Friday, 20 August 2010


There's so much in this poem; colour, visual imagery, the moon and the warning at the end...
I found it many years ago in a book, 'The Imperial Agent' by T.N. Murari, which continues the life of Kim, the boy in Rudyard Kipling's book of the same name.
A character in 'The Imperial Agent' says it's an Urdu poem, by Nishani, court poet to the Emperor Akbar, originally written in Persian - about Fate.


The old Enchanter, in his patchwork cloak,
Sits weaving spells to bind us to his throne,
While, seeing nothing in the turquoise vault,
We dwell in fear, uncertain and alone -
Forgetting that one night he made the moon
(By magic from a fish with silver scales),
Which in his blue glass bottle, flecked with stars,
Unerring on her course serenely sails;
He closed the stopper with a thousand seals
Of wax the candle of the moon supplied,
Since when no mortal has evaded Fate,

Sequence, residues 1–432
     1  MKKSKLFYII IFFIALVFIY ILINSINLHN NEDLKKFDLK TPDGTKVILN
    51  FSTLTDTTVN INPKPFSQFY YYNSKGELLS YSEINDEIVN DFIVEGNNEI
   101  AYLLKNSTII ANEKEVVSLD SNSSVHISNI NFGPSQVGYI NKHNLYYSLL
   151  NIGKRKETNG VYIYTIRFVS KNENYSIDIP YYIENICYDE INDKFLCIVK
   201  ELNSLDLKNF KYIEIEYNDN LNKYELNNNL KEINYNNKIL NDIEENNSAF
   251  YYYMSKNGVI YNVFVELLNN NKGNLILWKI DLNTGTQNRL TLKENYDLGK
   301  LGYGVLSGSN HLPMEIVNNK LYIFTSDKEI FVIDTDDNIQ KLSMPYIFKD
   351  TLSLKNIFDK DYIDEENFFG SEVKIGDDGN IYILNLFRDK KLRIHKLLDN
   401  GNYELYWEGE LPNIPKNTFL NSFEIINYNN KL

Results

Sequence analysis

However long, however hard, he tried.

I love the imagery - a fish's scales make the moon, which is also a candle; our universe is in the blue glass bottle... The more I read it the more I find in it...
I hope you like it, too.


orchidlover said...

It's great. I haven't seen that one before

Love and hugs Gina xxx

Blanquita said...

Thank you for this, I have been trying to find it, one of my favourite poems - I read it many years ago in a public library and made a copy, but which was destroyed during a burglary. I believe this is an extract. If my memory serves me it ended with lines about all is one when the final camel bell fades.